Monday, Apr 14, 2014
A shallow (around 8 km depth) earthquake swarm including two quakes at 2.7 and 2.9 magnitude has started in an area 12 km to the south of Hekla volcano. ... [more]
Hekla volcano1491-m-high Hekla is one of Iceland's most prominent, most known and active volcanoes. It has frequent eruptions that start with an explosive onset producing eruption plumes, then lava fountains and culminate in large lava flows. Most of the volcano's flanks are covered by extensive lava flows from historical eruptions, dating back to 1104 AD.
Background:Hekla is located near the southern end of the eastern rift zone. It sits on a rift-transform junction, and has produced basaltic andesites, in contrast to the tholeiitic basalts typical of Icelandic rift zone volcanoes. Hekla's tephras are generally rich in flourine, which is very hazardous to grazing animals.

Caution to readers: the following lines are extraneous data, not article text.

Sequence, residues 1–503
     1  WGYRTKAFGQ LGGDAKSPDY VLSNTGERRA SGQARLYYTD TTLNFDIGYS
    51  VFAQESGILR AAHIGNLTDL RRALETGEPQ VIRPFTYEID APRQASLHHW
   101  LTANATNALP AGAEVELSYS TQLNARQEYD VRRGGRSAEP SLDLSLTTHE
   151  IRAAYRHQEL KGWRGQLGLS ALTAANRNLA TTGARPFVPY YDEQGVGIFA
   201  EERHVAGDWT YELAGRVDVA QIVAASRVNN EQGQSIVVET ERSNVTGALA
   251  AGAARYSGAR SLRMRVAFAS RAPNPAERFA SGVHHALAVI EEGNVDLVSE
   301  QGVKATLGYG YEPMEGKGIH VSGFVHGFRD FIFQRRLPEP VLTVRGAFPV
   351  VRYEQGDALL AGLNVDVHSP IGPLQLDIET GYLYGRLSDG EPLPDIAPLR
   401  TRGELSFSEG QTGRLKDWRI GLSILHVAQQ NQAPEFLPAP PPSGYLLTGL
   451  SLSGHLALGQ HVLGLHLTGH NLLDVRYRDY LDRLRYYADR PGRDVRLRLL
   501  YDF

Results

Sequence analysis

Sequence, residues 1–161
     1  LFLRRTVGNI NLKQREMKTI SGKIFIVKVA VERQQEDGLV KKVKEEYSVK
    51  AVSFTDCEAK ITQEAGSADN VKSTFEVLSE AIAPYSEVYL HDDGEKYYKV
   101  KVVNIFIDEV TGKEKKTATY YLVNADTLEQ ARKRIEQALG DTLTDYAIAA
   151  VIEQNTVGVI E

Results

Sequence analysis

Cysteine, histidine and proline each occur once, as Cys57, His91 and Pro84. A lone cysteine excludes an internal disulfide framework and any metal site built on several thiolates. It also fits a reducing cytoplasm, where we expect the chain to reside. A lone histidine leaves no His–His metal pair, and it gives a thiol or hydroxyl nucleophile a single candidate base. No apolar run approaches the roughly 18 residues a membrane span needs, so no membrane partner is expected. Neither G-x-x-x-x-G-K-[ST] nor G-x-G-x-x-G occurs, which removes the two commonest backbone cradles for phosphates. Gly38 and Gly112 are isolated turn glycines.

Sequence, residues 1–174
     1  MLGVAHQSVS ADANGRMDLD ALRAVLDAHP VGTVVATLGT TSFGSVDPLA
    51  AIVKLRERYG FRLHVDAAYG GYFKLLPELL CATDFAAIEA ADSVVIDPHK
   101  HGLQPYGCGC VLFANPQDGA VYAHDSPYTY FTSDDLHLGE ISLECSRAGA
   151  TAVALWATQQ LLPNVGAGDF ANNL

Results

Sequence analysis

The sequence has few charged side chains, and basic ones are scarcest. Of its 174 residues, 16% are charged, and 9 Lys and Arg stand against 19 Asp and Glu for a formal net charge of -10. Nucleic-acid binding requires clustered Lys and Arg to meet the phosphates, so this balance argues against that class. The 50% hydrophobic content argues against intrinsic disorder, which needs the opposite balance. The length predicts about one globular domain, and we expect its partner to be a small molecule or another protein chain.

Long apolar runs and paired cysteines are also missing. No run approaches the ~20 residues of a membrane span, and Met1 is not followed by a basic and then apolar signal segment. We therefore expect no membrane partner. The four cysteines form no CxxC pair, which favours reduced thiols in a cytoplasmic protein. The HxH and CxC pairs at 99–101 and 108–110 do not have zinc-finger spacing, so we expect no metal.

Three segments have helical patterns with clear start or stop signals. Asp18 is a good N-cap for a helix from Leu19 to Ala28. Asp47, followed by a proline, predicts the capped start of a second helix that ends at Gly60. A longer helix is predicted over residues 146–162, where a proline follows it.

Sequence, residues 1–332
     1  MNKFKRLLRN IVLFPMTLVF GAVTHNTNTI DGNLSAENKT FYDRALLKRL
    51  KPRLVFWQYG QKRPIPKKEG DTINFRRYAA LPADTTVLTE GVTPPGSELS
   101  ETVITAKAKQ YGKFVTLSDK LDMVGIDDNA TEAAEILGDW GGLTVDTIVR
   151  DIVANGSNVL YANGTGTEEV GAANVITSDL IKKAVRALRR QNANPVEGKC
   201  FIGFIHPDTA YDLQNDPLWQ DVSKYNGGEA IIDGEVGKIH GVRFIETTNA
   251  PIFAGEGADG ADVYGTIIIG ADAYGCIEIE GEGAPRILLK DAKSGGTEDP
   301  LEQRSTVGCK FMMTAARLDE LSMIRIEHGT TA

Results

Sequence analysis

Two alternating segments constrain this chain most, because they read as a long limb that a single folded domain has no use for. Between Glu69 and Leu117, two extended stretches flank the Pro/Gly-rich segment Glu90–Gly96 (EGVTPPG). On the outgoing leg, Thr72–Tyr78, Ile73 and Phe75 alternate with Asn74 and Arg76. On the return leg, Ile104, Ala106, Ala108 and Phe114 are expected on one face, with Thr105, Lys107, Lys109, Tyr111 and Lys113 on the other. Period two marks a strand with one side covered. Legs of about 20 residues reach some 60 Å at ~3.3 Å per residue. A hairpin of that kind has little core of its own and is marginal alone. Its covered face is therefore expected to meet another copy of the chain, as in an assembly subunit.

The elongated shape of the volcano is caused by a 5.5-km-long fissure, Heklugjá, that cuts across the volcano and is often active along its full length during major eruptions. Repeated such eruptions, oblique to most rifting structures in the eastern volcanic zone, have created Hekla's elongated ENE-WSW profile.
Frequent large explosive eruptions during historical times have deposited tephra throughout Iceland and provide important time markers that can be used to date eruptions from other volcanoes in Iceland.
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